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  The locus coeruleus is a complex and differentiated neuromodulatory system

Totah, N. (2019). The locus coeruleus is a complex and differentiated neuromodulatory system. In 49th Annual Meeting of the Society for Neuroscience (Neuroscience 2019).

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Item Permalink: http://hdl.handle.net/21.11116/0000-0005-0BAE-C Version Permalink: http://hdl.handle.net/21.11116/0000-0005-1EA0-5
Genre: Meeting Abstract

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Totah, NK1, 2, Author              
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1Department Physiology of Cognitive Processes, Max Planck Institute for Biological Cybernetics, Max Planck Society, ou_1497798              
2Max Planck Institute for Biological Cybernetics, Max Planck Society, Spemannstrasse 38, 72076 Tübingen, DE, ou_1497794              

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 Abstract: The brainstem noradrenergic nucleus, locus coeruleus (LC), is a component of disparate theories of brain function, including those concerning decision making, control of sleep and wakefulness, computational models of learning, sensory salience, and the physiology of correlated brain activity (ensembles/networks) and of hemodynamic responses (fMRI). Moreover, the LC has long been a clinical treatment target for a range of neuropsychiatric and neurological disorders (mood disorders, PTSD, ADHD, chronic pain) and its degeneration is implicated in Alzheimer’s. The role of the LC in such diverse brain functions and diseases may be due to its global projections throughout the central nervous system transmitting a homogenous noradrenergic signal. We present the emerging perspective of a modular and heterogeneous LC that provides targeted neuromodulation. This new perspective requires updating theories relevant to systems and computational neuroscientists, pharmacologists, and psychologists. Speakers will provide a primer on state-of-the-art methods and review their findings on LC development, genetics, and physiology in animal models of anxiety and cognition. N. Totah will present large-scale recordings of LC single units and evidence that LC neuronal ensembles consisting of different cell types provide targeted neuromodulation. L. Schwarz will present anatomical and in vivo imaging studies that demonstrate how a specific subset of LC neurons projecting to the forebrain facilitate behavioral flexibility in mice. D. Chandler will present the results of studies investigating how specific LC efferent pathways adapt in response to acute stressor exposure and how they contribute to the generation of anxiety-like behavior. T. Pickering will describe how the organizational specialization of the LC can both act to suppress painful sensitization while also signaling its salience and he will consider how this discrete modularity is defined and its consequences for sensory inference and action planning. J. McCall will present anatomical and electrophysiological evidence for segregated contributions of afferent and efferent LC circuits in negative affective behaviors. P. Jensen will describe how viral and intersectional genetic strategies are uncovering the developmental and molecular basis of LC heterogeneity, including its complex pattern of axonal projections and their behavioral correlates. Collectively, the speakers will advance the view that progress in understanding the role of the LC in behavior, brain function, and neuropsychiatric and neurological disorders will require attention to the modular nature of the LC.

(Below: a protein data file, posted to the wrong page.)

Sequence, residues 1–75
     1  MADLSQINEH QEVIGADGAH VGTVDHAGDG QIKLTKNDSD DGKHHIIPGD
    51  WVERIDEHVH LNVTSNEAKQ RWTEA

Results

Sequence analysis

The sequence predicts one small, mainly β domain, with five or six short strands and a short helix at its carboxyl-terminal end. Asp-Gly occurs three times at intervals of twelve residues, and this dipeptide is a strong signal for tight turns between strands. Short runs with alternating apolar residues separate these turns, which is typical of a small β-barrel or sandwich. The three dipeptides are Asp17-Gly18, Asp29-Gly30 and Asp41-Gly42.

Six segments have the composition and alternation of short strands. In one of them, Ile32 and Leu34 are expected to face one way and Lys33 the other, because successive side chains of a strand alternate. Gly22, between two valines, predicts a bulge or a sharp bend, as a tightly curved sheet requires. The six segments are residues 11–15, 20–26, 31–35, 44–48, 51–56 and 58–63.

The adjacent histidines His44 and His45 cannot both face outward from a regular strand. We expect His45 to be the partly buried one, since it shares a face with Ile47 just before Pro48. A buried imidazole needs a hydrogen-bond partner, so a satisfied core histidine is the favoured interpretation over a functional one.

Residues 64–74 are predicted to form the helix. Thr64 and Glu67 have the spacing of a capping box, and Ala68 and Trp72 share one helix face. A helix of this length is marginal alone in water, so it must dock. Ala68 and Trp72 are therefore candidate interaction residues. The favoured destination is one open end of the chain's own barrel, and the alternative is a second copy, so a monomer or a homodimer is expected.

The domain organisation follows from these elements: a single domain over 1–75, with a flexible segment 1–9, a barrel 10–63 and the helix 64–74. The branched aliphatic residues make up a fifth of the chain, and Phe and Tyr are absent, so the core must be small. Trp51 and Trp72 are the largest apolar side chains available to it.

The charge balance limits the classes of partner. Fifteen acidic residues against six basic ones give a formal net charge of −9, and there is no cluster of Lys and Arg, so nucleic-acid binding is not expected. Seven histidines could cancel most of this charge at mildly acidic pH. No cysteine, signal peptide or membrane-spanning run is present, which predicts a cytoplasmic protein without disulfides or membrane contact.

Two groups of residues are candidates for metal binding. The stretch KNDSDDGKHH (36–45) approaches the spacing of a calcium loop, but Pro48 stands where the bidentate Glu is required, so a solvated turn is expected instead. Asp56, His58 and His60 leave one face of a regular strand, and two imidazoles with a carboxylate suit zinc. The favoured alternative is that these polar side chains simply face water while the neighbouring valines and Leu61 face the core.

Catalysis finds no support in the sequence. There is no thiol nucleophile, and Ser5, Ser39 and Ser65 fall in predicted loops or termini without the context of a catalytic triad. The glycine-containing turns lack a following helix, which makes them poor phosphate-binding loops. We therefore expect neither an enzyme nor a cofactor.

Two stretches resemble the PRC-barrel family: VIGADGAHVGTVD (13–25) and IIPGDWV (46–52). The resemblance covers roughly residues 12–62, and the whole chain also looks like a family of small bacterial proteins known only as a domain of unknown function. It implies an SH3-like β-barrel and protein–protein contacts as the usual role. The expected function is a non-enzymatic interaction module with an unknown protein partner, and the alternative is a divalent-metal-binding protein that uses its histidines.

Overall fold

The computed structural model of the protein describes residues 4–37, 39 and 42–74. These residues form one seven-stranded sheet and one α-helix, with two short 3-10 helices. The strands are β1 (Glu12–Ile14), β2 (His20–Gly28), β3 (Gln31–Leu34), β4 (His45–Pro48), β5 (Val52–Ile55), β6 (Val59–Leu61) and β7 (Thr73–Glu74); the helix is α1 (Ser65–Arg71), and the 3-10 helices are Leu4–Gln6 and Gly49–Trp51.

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 Dates: 2019-10
 Publication Status: Published online
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Title: 49th Annual Meeting of the Society for Neuroscience (Neuroscience 2019)
Place of Event: Chicago, IL, USA
Start-/End Date: 2019-10-19 - 2019-10-23

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Title: 49th Annual Meeting of the Society for Neuroscience (Neuroscience 2019)
Source Genre: Proceedings
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Pages: - Volume / Issue: - Sequence Number: 532.02 Start / End Page: - Identifier: -